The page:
- The affixing of a different trademark to the challenged product should, as a rule, exclude the assumption of deception of origin (directly or indirectly), even in the case of identical imitation, if the products are aimed at industrial customers and there are no additional indications for use as a second trademark or for licensing relationships.
- In such cases, the aspect of exploitation of reputation should regularly come to the fore. If a high degree of takeover alone is not decisive for the deception of origin, it is likely to be decisive for the exploitation of reputation in many cases, provided that there are good possibilities of representing a good reputation of the original product on the basis of the product category and market success.
Unitary subject-matter of a design with different depictions?
In two November 2017 decisions rendered by the Federal Patent Court (which is also in charge of appeals against decisions of the Patent and Trademark Office in nullity matters against a registered national design), the overarching theme of the decisions was the interpretation of a design consisting of depictions that showed differences in the design’s subject matter (ie, a sports helmet and sports glas-ses). In both cases, the Federal Supreme Court rendered its appeal decisions, which were subsequently overruled by the Patent Court.
The first of these two decisions concerned a design consisting of seven slightly different depictions of a sports helmet. The issue was whether the design concerned a unitary subject matter. In this kind of situation, the case law in Germany at the time of this decision stated that the subject matter of a design must be interpreted with regard to an (optional) verbal description, the obligatory identification of the product concerned or the (optional) specification of the class of goods concerned. The leading authority on this issue is a 2012 Federal Supreme Court decision (Decanter). In Sports Helmet, the Federal Patent Court had held that the design in question did in fact concern a unitary subject matter, as all depictions showed the same basic form and only differed in ornamental features on the surface of the product. The court expressly made use of a rule first developed in a 2001 Supreme Court decision Reclining Chairs, which is cited in Decanter, which stated that a potential result of the interpretation may be that a design consisting of several different depictions may still concern a unitary subject matter whose features are the intersection of those features present in all depictions. The patent court held that the basic form of the sports helmet consisted of features present in all depictions.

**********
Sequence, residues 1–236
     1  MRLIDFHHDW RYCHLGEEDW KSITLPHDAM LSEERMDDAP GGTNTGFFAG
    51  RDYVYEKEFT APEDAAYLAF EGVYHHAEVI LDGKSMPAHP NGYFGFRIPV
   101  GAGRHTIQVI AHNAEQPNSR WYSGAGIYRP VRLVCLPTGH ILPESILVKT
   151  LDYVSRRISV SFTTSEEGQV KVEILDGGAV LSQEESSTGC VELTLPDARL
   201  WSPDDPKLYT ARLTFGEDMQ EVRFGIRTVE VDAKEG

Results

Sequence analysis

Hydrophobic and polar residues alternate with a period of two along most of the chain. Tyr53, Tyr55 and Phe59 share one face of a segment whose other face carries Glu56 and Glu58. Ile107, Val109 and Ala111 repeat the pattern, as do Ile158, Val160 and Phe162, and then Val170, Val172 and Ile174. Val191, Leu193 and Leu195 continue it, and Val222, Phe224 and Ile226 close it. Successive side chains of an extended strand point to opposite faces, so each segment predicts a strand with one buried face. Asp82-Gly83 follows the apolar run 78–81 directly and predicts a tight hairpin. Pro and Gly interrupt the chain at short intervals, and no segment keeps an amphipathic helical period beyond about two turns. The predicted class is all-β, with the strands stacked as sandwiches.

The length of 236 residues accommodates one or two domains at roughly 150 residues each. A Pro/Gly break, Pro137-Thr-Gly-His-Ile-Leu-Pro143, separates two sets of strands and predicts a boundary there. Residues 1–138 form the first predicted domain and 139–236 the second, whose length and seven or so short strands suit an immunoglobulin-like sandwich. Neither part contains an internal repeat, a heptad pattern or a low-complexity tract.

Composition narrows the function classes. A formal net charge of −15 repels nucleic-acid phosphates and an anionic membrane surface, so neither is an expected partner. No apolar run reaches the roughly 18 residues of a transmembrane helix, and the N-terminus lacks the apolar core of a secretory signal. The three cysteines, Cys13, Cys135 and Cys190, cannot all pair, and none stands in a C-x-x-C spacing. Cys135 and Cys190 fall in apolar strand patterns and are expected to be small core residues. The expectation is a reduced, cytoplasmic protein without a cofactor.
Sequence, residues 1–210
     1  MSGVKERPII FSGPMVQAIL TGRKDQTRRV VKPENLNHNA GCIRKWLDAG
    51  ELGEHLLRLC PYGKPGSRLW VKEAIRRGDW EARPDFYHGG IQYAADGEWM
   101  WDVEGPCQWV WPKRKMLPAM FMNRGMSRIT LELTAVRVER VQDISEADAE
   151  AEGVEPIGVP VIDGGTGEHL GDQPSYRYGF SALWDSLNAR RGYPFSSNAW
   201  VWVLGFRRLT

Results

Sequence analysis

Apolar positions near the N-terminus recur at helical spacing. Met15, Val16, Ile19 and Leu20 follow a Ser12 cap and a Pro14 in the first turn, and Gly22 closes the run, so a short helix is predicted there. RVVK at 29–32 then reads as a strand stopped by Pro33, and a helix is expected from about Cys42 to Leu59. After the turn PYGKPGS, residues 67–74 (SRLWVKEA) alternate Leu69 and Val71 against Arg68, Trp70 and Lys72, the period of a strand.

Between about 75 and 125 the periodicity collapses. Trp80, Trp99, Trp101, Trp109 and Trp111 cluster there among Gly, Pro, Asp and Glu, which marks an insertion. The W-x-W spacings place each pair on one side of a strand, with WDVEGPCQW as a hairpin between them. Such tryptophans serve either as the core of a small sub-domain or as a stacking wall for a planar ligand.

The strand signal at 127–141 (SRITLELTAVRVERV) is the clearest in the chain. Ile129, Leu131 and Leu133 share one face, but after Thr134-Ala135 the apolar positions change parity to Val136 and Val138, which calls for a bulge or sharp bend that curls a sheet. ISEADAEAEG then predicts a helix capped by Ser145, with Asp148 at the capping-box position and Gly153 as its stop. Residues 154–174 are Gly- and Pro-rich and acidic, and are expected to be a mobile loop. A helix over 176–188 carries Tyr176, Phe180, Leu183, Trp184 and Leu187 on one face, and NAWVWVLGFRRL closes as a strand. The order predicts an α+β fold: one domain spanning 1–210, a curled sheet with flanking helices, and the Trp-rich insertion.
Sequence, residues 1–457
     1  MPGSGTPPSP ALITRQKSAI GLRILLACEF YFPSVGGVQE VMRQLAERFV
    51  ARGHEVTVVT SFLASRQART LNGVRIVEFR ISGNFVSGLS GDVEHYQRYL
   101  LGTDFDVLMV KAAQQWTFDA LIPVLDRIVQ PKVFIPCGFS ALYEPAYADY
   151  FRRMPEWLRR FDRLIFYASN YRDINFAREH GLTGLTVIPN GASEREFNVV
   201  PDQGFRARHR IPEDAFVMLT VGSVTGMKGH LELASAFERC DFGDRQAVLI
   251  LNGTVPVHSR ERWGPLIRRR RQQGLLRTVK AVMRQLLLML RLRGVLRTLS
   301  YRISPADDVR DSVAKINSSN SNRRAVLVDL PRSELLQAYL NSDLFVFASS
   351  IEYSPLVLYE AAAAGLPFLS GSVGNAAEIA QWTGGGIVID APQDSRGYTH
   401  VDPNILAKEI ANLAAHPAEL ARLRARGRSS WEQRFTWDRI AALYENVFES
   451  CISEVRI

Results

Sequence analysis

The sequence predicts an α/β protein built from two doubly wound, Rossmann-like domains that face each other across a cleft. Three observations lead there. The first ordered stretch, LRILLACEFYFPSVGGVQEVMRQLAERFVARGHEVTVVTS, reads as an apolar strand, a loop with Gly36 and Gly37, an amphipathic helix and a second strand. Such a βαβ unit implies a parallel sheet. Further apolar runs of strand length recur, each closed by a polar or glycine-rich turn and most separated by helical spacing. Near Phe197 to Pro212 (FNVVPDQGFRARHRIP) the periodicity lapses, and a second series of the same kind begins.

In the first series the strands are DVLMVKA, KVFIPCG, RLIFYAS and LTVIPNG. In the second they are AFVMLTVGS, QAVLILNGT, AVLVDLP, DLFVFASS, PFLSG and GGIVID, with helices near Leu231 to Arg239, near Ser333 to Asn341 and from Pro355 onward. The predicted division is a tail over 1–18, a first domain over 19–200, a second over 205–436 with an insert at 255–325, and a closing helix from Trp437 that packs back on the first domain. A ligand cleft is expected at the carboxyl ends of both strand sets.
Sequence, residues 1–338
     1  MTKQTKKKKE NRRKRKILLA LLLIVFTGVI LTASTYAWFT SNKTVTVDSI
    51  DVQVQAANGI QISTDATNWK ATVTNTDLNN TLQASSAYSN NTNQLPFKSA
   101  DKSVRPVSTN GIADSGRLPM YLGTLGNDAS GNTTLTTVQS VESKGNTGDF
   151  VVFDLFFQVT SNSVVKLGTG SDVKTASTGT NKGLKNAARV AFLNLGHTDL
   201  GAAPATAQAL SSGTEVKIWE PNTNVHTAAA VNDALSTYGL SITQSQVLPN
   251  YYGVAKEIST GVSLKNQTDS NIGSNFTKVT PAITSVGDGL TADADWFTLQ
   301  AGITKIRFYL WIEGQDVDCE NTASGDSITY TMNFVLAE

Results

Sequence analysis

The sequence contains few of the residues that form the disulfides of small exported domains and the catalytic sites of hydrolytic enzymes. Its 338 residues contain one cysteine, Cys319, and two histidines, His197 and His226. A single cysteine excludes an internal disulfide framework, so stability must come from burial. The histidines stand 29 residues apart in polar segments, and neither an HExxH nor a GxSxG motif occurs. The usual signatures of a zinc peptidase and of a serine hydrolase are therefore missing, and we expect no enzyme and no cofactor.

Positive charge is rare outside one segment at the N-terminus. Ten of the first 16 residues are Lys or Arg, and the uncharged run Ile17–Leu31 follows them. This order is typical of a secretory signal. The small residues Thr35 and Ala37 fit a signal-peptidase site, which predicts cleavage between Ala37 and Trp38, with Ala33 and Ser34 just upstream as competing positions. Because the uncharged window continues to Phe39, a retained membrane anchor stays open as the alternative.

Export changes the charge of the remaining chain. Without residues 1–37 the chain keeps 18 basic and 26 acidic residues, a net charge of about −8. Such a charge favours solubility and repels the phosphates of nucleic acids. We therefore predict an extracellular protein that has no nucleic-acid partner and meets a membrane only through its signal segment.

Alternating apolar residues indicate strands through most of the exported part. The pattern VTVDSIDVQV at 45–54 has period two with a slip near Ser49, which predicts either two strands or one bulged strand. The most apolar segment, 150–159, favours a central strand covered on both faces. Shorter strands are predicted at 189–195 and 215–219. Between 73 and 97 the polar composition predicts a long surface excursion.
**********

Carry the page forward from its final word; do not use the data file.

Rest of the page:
On appeal from the Patent Court in Sports Helmet, the Federal Supreme Court expressly overruled the 2001 decision Reclining Chairs. The general rule was applied whereby if several representations of a design applied for in an individual application show different embodiments of a product with different characteristics of the appearance of that product, they do not visibly reproduce the appearance of a product. In this case, the design does not reveal a uniform object of protection and is therefore null and void. If the design owner claims design protection for the deviating features, it is no longer permissible to determine a uniform object of protection on the basis of the intersection of the features common to all representations.